To shorten the story, the day was ap- in veiling those "cbarming features from the pointed for the wedding. Everything was gaze of the world was, to secure a partner who ready. Camille, handsome and expectant, would not seek to marry her on account of the advanced to meet the bride, when a lovely accidental advantages of wealth and beauty creature of seventeen, with a face and form alone, but for her own intrinsic worth; and in which might have served as a model for the accomplished Camille d'Arcy she obtained Apelles when he painted his exquisite picture of such a partner, Venus, came forward, and took the hand of her
No. 1.- LUNAR ORIGIN OF METEORIC STONES.
Laplace, in support of bis doctrine that , nado, and of all earth’s fires, external and inmeteoric stones have their origin in lunar vol. ternal, surging forth in one mighty volcano. canoes, calculated that the projectile force neces- Neither is it possible to bring to bear the sary to throw them without the moon's sphere elements of power existing in any such portion of attraction within that of the earth, would be of the earth, so as to carry a mass of matter only about four times that of a ball from a (whether a bullet, or a stone, or any other) out
side of the influence which the whole earth To find the diameter of the moon's sphere of exerts upon it to hold it in her embrace, nor so attraction, compared with that of the earth's as to give it a motion away from the earth sphere-say as the moon's mass (1) is to the swifter than the motion with which it rotates as earth's mass (80), so is the square of the a part of the rotating earth. So it is an im. diameter of the moon's sphere (22 miles) to the possibility-an impossibility such as contradicts square of the diameter of the earth's sphere the very laws of thought—that the moon should, ([two hundred and forty thousand—x]miles), by any force or any combination of forces she making the diameter of the moon's sphere can ever generate, cast a meteorite beyond the twenty-four thousand miles. It would require influence which bas served to bind it io her, be many thousands of times, instead of only four this influence great or small. times, the force of a cannon-charge to hurl so Suppose it possible for a lunar volcano to far stones of the weight of some that have throw a stone beyond the line dividing the fallen. Of course it will not be presumed that moon's and the earth’s attractions-namely, a any volcano upon the moon is capable of giving line twenty-four thousand miles distant from such a force.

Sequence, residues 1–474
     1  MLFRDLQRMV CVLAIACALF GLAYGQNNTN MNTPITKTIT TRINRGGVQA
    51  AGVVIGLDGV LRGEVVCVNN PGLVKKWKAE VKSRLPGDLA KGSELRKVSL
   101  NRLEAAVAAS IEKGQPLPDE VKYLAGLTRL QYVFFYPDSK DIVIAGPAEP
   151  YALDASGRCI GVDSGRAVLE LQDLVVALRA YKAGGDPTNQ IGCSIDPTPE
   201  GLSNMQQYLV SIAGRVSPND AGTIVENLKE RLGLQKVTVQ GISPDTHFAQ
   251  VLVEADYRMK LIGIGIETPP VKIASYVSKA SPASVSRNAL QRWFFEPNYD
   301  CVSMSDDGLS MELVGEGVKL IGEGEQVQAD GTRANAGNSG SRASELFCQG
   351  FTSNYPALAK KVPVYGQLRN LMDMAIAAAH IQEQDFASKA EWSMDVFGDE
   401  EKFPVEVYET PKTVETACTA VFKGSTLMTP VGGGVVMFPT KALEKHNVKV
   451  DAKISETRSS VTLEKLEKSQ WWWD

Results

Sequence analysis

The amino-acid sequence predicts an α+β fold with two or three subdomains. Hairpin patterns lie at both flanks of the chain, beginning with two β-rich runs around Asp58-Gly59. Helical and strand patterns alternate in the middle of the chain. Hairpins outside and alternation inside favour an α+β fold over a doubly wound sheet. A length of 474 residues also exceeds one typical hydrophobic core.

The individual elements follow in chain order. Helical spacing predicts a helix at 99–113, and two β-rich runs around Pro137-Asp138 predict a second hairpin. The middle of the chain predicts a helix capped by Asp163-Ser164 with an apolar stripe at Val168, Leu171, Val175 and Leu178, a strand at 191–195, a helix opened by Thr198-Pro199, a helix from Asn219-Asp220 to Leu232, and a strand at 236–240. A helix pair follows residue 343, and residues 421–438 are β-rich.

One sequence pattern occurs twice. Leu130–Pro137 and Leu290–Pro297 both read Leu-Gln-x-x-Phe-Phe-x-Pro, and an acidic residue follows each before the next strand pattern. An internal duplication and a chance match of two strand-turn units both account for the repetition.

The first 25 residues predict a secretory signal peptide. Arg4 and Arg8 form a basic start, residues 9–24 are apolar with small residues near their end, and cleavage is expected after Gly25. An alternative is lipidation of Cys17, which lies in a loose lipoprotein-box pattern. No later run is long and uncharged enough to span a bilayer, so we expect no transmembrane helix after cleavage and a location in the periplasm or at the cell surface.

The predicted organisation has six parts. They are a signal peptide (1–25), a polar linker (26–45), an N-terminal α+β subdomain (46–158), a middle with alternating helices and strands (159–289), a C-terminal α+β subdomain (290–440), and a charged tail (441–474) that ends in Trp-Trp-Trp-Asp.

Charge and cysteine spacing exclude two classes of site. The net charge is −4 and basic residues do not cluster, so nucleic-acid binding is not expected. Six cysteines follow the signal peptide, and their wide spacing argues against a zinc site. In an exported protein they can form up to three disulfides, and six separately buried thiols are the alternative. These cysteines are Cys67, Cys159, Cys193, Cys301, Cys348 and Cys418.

the moon. The stone, in rising to such height, It is an axiom that “ The whole of a thing is then in falling through the remaining distance greater than any one of its parts.” So it is a which the moon and earth are apart (two hun. truth, which is fully entitled 10 be received as dred and sixteen thousand miles), would take axiomatic, that the undivided power of any self- three hours (according to the law of falling controlling machine cannot be overcome by bodies-namely, the law that a body will fall whatever power may be brought to bear by sixteen feet during the first second, three times any separate part of the same machine. For sixteen feet during the second second, five instance: no man is able to lift his whole person times sixteen feet during the third second, and by the force, acting directly, of one of his arms. so on), gaining by its fall (according to the Neither can a wheel, which is revolving in a same law) a velocity of one hundred and eightg. certain direction, beneath the pressure of a four thousand miles per hour. The moon passes column of water, be made to turn in an oppo- in her orbit at the rate of twenty-two hundred site direction by half of the same column falling miles per hour, which rate of motion the stone back upon it from a height equal to the height would carry with it in its departure, receiving from which the whole is falling. Neither is it thus a direction, not in a right line towards the possible to bring together, and to bear, the centre of the earth, but in advance of this line, elements of power existing in any--the largest, so that, at the expiration of the three hours, it portion of our earth, even though this portion would be sixty-six hundred miles forward of the should consist of all the power-producing ma- earth’s centre. Now, with the projectile force terials capable of being gathered from the entire imparted to it by a speed of one hundred and face and bowels of the globe, and of the whole eighty-six thousand miles per hour--that accircumambient atmosphere whirled into a tor- quired in falling, united with that received from
the moon—it could not, upon the principle of forms, at the centre of the sun, a right angle the Newtonian theory, come to the earth at all, with a line from the point at which its descent but must revolve about her in an orbit so began; so tbat, when it started in its new course, elliptical as to have its apogee a million miles (from the perihelion point of its orbit,) it was farther outward-than that of the moon's orbit, one quarter of the whole circle of the zodiac in while its perigee would be two hundred and advance of the position which it left in its origithirty-three thousand four hundred miles farther nal course. The breadth of its new orbit, also, inward than that of the moon's orbit.